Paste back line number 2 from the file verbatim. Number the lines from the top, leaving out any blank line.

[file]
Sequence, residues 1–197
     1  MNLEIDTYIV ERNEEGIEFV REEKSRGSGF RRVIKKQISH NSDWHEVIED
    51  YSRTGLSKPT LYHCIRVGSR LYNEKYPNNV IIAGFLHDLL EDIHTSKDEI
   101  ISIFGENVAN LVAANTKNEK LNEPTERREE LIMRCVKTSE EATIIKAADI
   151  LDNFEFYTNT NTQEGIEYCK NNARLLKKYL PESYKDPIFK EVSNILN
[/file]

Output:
     1  MNLEIDTYIV ERNEEGIEFV REEKSRGSGF RRVIKKQISH NSDWHEVIED